All Seasons Produce
All Seasons Produce

We Specialize in;

Jack Fruit

Thai Bananas
and Banana Flower
However, we got ALL THE FRUITS


“When we say it's Fresh, it's Fresh”

Yaca or Jack Fruit

Jack Fruit

Enormous and prickly on the outside, jackfruit looks somewhat like durian (though jackfruit is usually even larger). Once a jackfruit is cracked open, what you will find inside are pods or "bulbs". Often referred to as the seeds, these bulbs are actually a kind of fleshy covering for the true seeds or pits, which are round and dark like chesnuts. The fleshy part (the "bulb") can be eaten as is, or cut up and cooked. When unripe (green), it is remarkably similar in texture to chicken, making jackfruit an excellent vegetarian substitute for meat. In fact, canned jackfruit (in brine) is sometimes referred to as "vegetable meat".

Jackfruit can also be purchased frozen, dried, or canned either in brine (usually unripe) or in syrup (ripe and sweet). If using fresh jackfruit, it's a good idea to oil your knife and hands first before cutting, as the fruit is very sticky.

Jackfruit contains many vitamins and minerals, and offers numerous health benefits. The fruit's isoflavones, antioxidants, and phytonutrients mean that jackfruit has cancer-fighting properties. It is also known to help cure ulcers and indigestion. For more on Jackfruit, its health benefits, or to make my Thai Jackfruit Curry Recipe (Vegetarian), see links below.

Source HERE


Banana Flower

Banana Flower

The banana flower is a large, dark purple-red blossom that grows from the end of a bunch of bananas. Its sizable bracts, or leaves, snugly enclose delicate, sweetly scented male flowers.

The female flowers, which do not require fertilization to become fruit, grow farther up the stem from the male flowers. The banana flower is treated in several Asian and tropical cuisines as a vegetable. It is known in Japan as banana no tsubomi, in Thailand as dok kluai, in Indonesia as jantung pisang, in China as shang chao fua, in Sri Lanka as kehel mal, and in India as kere kafool. These terms are variously translated as “banana blossom,” “banana heart,” due to the flower's physical resemblance to that organ, or “plantain blossom.”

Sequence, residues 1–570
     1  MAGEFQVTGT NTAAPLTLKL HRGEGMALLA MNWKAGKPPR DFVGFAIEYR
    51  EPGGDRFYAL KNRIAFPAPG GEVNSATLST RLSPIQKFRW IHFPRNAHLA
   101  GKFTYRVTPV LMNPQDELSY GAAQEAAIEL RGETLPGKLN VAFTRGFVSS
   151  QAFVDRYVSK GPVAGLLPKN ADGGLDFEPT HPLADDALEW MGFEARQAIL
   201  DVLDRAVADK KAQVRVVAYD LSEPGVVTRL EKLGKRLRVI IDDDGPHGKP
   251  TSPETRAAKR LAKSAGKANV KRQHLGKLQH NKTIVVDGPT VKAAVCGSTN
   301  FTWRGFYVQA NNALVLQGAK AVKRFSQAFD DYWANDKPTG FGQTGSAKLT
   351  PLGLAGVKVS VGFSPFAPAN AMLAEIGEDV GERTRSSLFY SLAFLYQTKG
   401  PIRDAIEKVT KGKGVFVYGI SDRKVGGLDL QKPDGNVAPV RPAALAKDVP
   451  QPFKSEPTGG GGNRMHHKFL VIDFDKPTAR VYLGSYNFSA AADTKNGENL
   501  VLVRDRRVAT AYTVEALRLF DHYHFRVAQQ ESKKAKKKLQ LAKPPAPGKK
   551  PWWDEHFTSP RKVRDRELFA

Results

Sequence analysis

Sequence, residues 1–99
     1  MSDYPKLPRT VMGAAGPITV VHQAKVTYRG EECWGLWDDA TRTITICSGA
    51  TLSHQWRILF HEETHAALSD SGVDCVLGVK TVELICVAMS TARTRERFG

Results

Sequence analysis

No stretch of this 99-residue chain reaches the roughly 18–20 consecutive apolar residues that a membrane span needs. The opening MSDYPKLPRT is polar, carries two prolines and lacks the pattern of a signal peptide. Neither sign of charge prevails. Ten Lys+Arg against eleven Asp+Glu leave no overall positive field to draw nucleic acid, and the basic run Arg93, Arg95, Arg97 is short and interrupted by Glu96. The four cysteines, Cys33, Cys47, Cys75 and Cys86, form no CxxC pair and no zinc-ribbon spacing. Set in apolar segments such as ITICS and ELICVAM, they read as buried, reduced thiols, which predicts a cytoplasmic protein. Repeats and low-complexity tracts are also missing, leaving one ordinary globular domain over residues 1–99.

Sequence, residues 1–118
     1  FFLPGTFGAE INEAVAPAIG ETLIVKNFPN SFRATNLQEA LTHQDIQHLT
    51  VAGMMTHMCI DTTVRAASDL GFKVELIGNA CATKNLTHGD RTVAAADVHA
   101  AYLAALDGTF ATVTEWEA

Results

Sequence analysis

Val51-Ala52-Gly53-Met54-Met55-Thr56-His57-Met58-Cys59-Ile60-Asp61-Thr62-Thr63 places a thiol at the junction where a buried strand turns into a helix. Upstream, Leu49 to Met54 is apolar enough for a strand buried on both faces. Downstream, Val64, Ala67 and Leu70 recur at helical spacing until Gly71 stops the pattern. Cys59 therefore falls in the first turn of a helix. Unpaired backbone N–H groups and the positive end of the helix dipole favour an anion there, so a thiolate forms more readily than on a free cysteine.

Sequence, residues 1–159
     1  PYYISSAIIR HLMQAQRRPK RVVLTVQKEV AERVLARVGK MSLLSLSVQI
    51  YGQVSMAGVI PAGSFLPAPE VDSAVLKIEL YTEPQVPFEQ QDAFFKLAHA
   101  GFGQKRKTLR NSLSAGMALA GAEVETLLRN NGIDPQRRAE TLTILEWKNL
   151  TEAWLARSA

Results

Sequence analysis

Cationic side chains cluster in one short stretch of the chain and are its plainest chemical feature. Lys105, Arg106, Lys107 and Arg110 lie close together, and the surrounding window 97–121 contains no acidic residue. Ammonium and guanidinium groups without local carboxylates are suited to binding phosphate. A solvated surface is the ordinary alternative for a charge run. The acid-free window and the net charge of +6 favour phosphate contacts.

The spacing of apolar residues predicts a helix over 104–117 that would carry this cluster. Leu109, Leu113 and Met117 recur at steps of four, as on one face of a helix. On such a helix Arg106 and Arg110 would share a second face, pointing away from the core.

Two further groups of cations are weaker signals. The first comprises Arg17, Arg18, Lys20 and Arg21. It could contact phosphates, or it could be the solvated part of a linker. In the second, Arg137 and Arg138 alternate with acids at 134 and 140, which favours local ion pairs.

Once the tougher, darker outer bracts are pulled away, the paler and more tender inner leaves are used in a number of dishes, prepared in a variety of ways. A fresh, tender banana flower may be sliced and served raw, as in Thailand, where it is often accompanied by the hot and spicy dip called nam prik. It is also served simmered in soup or fried with thin noodles.

Other Asian and Indian cuisines add the sliced banana flower to meat stews, stir-fries, soups, and rice or noodle combinations. It is also used in cold salads, with the salad mixture presented to the diner in one of the large purple-red outer bracts.

Source HERE


Thai Banana

Thai Bananas

This is a Banana that is so hard to find in any grocery store in the United States.
However, We Got It !!!

This banana is unlike any banana that you will ever eat. These bananas need to be eaten when the skin goes to a dark color - that's when they are ready and probably why you don't see them on stores shelves - because they know nobody would buy black bananas. They are shipped green, then they go yellow, but are best eaten dark in color there last stage.

These bananas are starchy and sweet. They are the ones you get in the real Thai restaurants served as fried bananas. One of the best bananas I've ever eaten, and I'm sure you ll agree. Also known as the Namwa banana. All Seasons Produce are shippers of rare tropical fruits. Many items you may have never heard of, and that is what makes them so exciting. Most have been brought from South and central America, an this case, Mexico.

Although well known in those areas very few know of them here in the United States. There are only a few areas in the United states these are grown and The Redland which is a 100 year plus historic agricultural growing region is one.

Go 'Bananas' and stay healthy !!!


Phone: (510) 760-9452
Sales: (209) 922-5050
Fax # (510) 444-4661
Email: savefruits @